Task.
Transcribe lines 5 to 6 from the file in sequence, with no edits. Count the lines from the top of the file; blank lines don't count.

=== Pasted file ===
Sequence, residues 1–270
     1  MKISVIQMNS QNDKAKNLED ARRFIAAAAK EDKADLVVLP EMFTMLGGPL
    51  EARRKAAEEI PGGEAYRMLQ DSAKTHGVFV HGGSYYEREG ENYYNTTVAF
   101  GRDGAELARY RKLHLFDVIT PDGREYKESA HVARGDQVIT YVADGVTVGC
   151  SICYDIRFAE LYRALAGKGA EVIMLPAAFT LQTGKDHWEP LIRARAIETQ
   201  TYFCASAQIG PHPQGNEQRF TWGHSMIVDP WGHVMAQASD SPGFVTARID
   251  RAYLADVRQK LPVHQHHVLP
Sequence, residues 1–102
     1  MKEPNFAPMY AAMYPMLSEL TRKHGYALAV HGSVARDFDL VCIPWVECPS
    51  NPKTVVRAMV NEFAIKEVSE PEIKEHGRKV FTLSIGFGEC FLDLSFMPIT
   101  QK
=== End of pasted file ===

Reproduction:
   151  SICYDIRFAE LYRALAGKGA EVIMLPAAFT LQTGKDHWEP LIRARAIETQ
   201  TYFCASAQIG PHPQGNEQRF TWGHSMIVDP WGHVMAQASD SPGFVTARID